Last month the Michigan Public Service Commission decided to allow DTE Energy to move forward with plans to build a billion-dollar gas plant despite evidence that wind and solar would create greater savings for DTE customers. Now legislators in the state have introduced Energy Freedom bills in the state that could benefit residents and businesses with more solar choice.
While the commission’s actions were bemoaned by the solar industry, the new bills were heralded by renewable energy advocates. Solar advocates like the Solar Energy Industries Association (SEIA) argued the new gas plant proposed for the East China Township won’t help with energy cost relief in the state.
“We are extremely disappointed with the Michigan Public Service Commission’s decision in this case,” said Sean Gallagher, vice president of state affairs for SEIA. “Despite the overwhelming evidence that DTE failed to adequately consider alternatives, including a portfolio of renewable energy solutions that would lead to greater savings, more jobs, reduced risk, and environmental benefits, the Commission authorized a $1 billion plant that would not pass muster with Michigan’s laws if it were proposed today.”
“Why is it that Michigan ranks 32nd in the nation for installed solar capacity? It’s not the weather—even Minnesota has seven times more installed solar power than Michigan. And it’s not lack of demand for cheaper energy—Michigan electric utility rates are among the highest in the nation,” wrote Becky Stanfield, Vote Solar’s senior director of Western States.
Stanfield contended that the newly introduced bills would benefit Michigan in numerous ways: they would reduce electric costs, create jobs and reduce pollution. She added that the bills will support the wants of Michigan voters, more than 80 of whom say they want more solar energy.
“With zero fuel costs, we are now at the point where solar power is less expensive than power from fossil-fueled power plants,” Stanfield said. “While Michigan utilities have built a handful of solar projects in recent years, they are putting up roadblocks to independent solar development which could bring solar solutions to many more households and businesses across the state.”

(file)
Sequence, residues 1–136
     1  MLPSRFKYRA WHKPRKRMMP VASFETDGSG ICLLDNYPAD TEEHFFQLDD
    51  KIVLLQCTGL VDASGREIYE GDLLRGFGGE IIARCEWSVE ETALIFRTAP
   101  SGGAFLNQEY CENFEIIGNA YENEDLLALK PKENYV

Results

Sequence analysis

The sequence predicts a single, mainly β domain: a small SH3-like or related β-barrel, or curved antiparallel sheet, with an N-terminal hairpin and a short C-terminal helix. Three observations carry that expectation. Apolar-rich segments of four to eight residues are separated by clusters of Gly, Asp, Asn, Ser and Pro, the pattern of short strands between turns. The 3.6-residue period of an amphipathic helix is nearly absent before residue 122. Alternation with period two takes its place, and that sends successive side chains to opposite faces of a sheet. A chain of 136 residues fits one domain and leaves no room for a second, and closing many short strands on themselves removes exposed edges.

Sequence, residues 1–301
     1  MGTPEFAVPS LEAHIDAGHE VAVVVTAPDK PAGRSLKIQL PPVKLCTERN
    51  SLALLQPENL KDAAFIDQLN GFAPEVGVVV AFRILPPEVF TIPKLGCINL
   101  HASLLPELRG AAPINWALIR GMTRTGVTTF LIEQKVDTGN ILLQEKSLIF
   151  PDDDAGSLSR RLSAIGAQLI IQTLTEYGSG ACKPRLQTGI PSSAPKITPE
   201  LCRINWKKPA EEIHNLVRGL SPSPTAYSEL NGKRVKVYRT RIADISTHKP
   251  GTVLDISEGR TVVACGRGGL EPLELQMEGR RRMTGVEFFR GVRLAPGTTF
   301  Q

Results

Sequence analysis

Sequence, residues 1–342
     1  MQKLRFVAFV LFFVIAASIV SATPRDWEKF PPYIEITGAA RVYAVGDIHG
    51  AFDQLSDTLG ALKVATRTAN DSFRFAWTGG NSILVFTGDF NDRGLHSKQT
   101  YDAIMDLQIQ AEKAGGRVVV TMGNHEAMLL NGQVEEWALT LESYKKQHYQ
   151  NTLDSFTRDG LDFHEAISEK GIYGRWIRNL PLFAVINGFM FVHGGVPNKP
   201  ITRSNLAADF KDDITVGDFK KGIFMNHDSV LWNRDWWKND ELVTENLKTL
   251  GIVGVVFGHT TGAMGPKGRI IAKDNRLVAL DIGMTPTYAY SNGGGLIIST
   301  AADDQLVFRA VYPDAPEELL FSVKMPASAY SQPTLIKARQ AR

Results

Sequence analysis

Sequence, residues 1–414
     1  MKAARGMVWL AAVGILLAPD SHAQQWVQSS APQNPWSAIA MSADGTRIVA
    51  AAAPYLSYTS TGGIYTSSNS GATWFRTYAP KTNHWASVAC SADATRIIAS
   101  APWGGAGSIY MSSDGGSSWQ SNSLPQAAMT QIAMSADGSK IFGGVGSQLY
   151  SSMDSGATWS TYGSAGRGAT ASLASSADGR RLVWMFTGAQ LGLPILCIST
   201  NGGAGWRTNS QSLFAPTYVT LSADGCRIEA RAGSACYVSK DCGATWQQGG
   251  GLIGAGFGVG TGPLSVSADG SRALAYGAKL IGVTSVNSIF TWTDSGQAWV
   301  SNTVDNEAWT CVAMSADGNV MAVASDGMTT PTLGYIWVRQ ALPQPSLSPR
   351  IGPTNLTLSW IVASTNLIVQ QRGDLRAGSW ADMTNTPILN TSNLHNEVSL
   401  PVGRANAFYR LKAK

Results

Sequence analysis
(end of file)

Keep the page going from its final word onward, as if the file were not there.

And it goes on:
Stanfield maintained that when consumers install rooftop solar the excess power they can send to the grid during peak reduces the need for costly new power plants, like the East China gas plant. “Instead of embracing the potential for customers to invest in a solar-powered grid, Michigan utilities are acting to minimize customer-driven solar markets from emerging. they become less dependent on the utility for energy,” she said.
The Energy Freedom package of bills, House Bills 5861-5865 were introduced by Gary Glenn (R-Williams Township), Rep. Yousef Rabhi, (D-Ann Arbor), Rep. Tom Barrett (R-Charlotte), Rep. Scott Dianda (D-Calumet) and Rep. Steve Johnson (R-Wayland). The bills would do a number of things to improve solar in the state.
The package would remove the cap the state’s distributed generation program, which is currently capped at 0.5 percent of the utility’s customers. “The cap is one of the lowest in the nation and only serves to restrict the beneficial growth of solar in Michigan,” Stanfield said.
The Fair Value bills will ensure rooftop solar owners get a fair price for the excess energy they share with the grid. The bills also would provide a community solar garden option. The bills also would study and deploy microgrids to improve reliability and resilience for critical facilities. These would include places like hospitals and police stations, allowing them to operate during emergencies and power outages.Tweet